What’s the best practice for building an exact match domain website?

Right, yesterday I looked at the concept of “exact match domains“, and today I’m going to outline how to build one. If you have access to a web-savvy young marketing assistant, it’s a brilliant project for them. What we’re going to do is to set up a new web site, aimed at providing information on a specific technical subject, and scoring highly in Google for searches on that subject. An example of the site I’m talking about is this one on Feed-in Tariffs, which the team here at BMON produced a few years ago. There’s no reason why you couldn’t have a site just like this for any of your technologies.

The first thing to do is to research the term you want to rank highly for. There’s no point in targeting “blue widgets” if you’re already top for “blue widgets”. Equally, it’ll be a hopeless exercise if there are hundreds of suppliers trying to get to the top of Google for “blue widgets”, many who may have been around for years. But supposing you deal in an up-and-coming technology called “narrow section blue widgets” which returns a mixture of results in Google, none of them that great (and none featuring your main website)? That might be an ideal target. Alternatively, there might be a term which you know people type into Google, but which you’re uncomfortable including on your main website. An example would be “cheap blue widgets”.

You can’t spend too long researching the term you’re going to target. Use something like Google’s Keyword Tool to see if there are actually many searches for the ideas you come up with. There don’t need to be thousands every month (indeed, if there are, there’s little chance of you waltzing onto the first results page). Perform Google searches for your ideas and see if you get results that you’d find useful if you were one of your company’s prospects. The more disappointing the current results, the better.

Timing can be everything. The Feed-in Tariffs site mentioned above is a classic example. Another EMD site, which was of a similar quality, already existed, and was one of the few results for the target search. But in the couple of months that our EMD site took to research and build, the topic exploded in the national media. As the main reference resource, the first site found itself getting lots of top-quality links, and firmly cemented its place at the top of the Google results. The second site couldn’t compete with that, and indeed couldn’t compete with the newspaper and government backed sites which also started mentioning the subject while the site was under construction.

Let’s say you decide that “narrow section blue widgets” is an ideal term to target. A Google search for that comes up with a mixture of results, some relevant, but none which would really scream “click on me” to the people you’re after. Now we’re going to set up our exact match domain. Visit the site of any domain name registrar and check the status of the “narrow-section-blue-widgets” and “narrowsectionbluewidgets” domains. If any have already been registered, take a look and see if they’re unused, have been around for a while (use a WHOIS lookup) and are for sale. It’s always possible. Otherwise, you can go ahead and register your domain name. I’d use “.com” if you can, but “.net” and “.org” are fine, as is “.co.uk” if you’re only interested in the UK market. The hyphenated version of your search term looks slightly better in my opinion, but it doesn’t really matter, and certainly don’t have more than two hyphens. I tend to find it easiest to register the domain name with the same company where the website will be hosted, but it depends on how your company likes to do things.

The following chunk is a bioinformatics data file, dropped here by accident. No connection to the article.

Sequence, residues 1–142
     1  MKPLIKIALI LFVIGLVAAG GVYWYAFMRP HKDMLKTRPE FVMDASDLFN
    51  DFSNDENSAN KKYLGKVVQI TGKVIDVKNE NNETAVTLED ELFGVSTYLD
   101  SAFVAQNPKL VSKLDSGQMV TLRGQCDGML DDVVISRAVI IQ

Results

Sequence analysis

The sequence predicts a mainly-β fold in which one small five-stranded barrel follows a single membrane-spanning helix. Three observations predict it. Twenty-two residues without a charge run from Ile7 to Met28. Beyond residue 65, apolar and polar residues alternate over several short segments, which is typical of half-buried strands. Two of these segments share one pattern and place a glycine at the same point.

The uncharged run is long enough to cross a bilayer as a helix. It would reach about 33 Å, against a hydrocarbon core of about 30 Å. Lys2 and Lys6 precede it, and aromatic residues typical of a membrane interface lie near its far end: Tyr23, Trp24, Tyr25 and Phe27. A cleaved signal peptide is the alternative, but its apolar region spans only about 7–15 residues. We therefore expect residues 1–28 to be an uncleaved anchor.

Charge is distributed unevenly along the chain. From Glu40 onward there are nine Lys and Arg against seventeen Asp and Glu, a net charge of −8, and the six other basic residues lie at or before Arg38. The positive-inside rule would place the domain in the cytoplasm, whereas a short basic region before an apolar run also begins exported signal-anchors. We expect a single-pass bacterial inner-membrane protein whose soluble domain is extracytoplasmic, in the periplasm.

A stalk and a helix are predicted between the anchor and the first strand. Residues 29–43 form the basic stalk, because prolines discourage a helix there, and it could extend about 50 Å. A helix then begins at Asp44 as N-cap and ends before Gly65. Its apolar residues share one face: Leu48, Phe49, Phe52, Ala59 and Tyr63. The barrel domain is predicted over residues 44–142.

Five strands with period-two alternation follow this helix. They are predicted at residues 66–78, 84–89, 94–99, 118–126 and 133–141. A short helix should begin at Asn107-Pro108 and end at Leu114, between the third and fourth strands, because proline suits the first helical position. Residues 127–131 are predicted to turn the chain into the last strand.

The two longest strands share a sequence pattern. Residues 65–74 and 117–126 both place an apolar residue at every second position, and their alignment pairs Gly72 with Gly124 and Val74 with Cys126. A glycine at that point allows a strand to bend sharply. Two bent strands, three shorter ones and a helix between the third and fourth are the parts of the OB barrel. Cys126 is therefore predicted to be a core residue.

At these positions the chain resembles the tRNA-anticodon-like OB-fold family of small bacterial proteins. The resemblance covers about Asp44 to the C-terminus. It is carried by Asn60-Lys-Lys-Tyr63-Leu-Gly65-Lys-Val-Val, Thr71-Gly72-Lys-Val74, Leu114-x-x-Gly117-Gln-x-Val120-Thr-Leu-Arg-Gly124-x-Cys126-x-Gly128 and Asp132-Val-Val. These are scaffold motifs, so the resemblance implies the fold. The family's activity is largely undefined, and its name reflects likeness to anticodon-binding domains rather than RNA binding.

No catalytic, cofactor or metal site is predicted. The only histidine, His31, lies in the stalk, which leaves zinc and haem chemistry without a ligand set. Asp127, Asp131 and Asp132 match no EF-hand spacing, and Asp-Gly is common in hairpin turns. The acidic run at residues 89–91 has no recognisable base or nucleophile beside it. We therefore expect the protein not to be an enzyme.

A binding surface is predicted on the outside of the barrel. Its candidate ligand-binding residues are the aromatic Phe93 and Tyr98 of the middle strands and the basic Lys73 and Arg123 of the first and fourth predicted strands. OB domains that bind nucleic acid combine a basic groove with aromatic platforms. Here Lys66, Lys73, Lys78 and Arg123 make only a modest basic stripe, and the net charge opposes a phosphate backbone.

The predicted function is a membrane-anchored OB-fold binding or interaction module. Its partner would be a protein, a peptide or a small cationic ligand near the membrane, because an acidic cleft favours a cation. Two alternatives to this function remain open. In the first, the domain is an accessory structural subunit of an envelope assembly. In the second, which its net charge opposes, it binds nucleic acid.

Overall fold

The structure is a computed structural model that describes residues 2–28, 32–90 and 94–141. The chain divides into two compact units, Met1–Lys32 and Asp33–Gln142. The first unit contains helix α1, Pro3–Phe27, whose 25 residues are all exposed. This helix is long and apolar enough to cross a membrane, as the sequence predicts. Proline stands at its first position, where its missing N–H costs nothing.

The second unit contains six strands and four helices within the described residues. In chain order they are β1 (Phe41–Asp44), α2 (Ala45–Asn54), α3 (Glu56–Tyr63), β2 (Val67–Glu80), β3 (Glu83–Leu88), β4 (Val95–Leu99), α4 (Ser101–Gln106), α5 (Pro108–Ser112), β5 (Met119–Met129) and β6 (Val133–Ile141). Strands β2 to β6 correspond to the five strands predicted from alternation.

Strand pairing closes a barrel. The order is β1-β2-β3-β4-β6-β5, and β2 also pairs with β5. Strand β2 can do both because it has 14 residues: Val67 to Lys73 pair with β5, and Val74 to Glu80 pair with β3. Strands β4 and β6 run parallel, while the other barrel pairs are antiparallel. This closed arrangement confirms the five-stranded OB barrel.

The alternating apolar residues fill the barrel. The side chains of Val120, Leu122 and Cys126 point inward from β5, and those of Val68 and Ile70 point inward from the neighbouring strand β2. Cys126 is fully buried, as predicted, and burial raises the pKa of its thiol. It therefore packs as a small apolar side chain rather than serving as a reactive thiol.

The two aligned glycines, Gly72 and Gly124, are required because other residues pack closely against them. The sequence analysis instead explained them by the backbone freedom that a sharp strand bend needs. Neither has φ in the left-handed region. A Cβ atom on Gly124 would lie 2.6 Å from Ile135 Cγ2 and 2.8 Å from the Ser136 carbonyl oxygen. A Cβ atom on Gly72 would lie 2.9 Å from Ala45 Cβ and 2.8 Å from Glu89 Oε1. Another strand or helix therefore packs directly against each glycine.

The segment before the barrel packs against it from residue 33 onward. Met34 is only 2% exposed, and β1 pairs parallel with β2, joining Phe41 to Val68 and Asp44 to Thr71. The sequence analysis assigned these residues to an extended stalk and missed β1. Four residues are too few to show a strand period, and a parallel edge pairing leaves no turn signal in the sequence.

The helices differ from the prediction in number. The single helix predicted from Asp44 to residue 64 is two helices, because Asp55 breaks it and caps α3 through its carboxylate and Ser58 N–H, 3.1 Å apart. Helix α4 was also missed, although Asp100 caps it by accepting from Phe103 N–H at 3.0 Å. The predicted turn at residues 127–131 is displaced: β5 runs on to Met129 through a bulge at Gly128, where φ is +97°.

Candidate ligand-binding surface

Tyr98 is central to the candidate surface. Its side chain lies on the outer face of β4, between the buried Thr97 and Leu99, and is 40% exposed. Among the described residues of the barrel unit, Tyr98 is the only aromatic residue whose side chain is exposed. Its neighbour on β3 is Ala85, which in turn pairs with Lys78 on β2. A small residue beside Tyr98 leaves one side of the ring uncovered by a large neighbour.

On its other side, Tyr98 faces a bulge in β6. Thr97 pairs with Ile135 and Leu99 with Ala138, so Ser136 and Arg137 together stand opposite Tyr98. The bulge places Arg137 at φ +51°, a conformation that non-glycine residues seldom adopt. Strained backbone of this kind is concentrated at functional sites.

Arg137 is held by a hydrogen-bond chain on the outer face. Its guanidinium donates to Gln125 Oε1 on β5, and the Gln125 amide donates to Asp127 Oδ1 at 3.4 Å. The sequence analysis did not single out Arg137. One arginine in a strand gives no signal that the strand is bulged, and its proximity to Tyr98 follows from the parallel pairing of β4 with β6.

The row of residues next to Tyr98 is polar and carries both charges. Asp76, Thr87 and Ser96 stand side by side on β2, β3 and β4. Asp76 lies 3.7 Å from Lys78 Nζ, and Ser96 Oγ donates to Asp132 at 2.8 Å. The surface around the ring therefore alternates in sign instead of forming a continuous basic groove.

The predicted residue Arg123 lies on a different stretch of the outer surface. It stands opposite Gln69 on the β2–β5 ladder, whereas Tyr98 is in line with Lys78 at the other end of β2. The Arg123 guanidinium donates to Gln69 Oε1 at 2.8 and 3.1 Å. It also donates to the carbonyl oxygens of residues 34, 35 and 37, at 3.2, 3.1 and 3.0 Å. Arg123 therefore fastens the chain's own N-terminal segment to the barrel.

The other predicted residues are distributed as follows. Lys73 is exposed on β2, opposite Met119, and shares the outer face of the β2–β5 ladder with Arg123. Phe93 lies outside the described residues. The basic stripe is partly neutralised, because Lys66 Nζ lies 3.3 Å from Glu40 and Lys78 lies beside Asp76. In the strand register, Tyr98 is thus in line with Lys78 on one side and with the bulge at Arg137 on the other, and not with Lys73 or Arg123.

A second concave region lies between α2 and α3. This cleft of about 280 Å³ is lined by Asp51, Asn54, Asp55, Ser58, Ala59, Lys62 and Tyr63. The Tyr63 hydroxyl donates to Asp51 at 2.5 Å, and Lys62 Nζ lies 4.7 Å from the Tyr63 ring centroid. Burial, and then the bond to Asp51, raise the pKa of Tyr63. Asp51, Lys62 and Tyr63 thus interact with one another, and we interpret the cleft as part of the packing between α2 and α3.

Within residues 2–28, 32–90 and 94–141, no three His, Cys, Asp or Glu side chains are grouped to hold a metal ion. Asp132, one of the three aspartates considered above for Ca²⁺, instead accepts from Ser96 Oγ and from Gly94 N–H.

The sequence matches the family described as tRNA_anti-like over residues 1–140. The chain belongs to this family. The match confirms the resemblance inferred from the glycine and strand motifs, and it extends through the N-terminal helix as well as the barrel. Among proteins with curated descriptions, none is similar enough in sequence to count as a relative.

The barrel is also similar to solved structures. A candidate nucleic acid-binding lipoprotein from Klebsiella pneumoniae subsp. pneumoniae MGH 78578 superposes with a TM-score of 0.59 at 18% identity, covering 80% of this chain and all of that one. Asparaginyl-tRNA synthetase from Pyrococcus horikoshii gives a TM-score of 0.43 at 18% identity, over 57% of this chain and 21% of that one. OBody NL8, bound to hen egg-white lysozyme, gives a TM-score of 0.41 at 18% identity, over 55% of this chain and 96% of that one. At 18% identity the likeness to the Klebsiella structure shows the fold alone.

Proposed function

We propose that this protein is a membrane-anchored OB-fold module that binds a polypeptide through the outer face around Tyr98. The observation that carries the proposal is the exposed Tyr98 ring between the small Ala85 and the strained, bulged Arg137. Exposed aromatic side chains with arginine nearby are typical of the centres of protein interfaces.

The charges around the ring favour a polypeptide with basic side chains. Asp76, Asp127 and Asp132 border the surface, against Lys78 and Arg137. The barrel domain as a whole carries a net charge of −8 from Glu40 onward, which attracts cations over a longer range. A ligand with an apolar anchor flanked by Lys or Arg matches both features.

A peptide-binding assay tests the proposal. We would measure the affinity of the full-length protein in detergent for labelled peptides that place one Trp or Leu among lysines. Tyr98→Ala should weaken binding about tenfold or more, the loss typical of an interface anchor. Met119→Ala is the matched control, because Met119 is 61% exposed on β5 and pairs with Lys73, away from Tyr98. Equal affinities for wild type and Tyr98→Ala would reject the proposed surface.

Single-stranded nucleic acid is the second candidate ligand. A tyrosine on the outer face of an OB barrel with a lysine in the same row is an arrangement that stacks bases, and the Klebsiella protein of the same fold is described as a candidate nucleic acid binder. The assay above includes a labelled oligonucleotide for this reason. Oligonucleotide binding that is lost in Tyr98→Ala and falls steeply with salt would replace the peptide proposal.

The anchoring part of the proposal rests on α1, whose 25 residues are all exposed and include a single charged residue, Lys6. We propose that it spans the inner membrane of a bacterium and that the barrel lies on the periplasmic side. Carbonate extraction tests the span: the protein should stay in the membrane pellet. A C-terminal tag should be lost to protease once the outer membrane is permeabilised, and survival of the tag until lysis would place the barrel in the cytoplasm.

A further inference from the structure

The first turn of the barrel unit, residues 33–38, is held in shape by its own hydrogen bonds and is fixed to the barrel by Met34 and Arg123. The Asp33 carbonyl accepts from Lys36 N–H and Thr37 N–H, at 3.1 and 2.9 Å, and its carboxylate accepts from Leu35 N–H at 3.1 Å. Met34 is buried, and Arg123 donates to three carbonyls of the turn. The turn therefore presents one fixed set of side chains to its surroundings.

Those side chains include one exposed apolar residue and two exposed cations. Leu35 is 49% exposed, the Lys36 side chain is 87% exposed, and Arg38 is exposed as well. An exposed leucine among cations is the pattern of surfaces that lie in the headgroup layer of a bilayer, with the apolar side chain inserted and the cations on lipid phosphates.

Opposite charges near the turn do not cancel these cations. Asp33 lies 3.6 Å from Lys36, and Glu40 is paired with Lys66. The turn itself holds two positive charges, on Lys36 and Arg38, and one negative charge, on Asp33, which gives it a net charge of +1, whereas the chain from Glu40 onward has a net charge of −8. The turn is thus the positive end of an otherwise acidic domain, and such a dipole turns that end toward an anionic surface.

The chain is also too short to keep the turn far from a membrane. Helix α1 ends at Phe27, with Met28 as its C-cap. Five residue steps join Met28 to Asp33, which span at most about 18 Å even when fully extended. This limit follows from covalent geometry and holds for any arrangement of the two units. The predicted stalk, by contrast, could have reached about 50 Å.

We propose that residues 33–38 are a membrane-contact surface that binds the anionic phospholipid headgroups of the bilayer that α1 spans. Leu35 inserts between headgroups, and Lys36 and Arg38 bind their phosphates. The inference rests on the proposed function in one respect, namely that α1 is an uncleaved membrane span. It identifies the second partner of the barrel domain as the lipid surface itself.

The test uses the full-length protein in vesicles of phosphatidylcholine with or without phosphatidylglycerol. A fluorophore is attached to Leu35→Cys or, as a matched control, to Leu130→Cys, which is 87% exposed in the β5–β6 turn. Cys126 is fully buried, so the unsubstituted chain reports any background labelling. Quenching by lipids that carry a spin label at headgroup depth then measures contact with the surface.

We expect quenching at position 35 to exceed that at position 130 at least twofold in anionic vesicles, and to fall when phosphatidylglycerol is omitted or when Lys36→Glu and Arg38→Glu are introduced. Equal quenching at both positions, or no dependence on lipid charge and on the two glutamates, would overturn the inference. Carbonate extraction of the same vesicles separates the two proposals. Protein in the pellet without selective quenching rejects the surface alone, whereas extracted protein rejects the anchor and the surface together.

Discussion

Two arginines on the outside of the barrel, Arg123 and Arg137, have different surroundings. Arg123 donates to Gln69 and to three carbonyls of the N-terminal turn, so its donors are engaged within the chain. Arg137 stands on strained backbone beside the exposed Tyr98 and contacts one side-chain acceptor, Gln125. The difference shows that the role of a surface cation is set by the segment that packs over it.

Now we’re going to build a website around your search term. Don’t go overboard on “optimising” the site around the term. Just make it genuinely about the topic, and genuinely useful to people researching the subject. Remember, you’re hoping to get links, so the better the resource, the more likely that’s going to be. Imagine you’re writing the best ever Wikipedia entry on the subject, and ensure that it’s all new material, never recycled stuff from elsewhere. One page is fine, but half a dozen is better. Apart from the technical background, why not interview an expert from your company and include the video (and transcription), write up a case study, or add a bibliography and glossary? And of course you’ll include links to your company’s main website at every opportunity.

There are varying opinions on whether you should make it clear that your company is behind the site, or try to make it seem “independent”. Personally, I think there’s no reason not to reveal all. Indeed, some of the best exact match domain sites I’ve ever seen actually use the website design from their “parent company”, so that when people click through on the links, it just looks like they’re on the same website.

And never forget: once you’re done, start prospecting for those external links to your new site.

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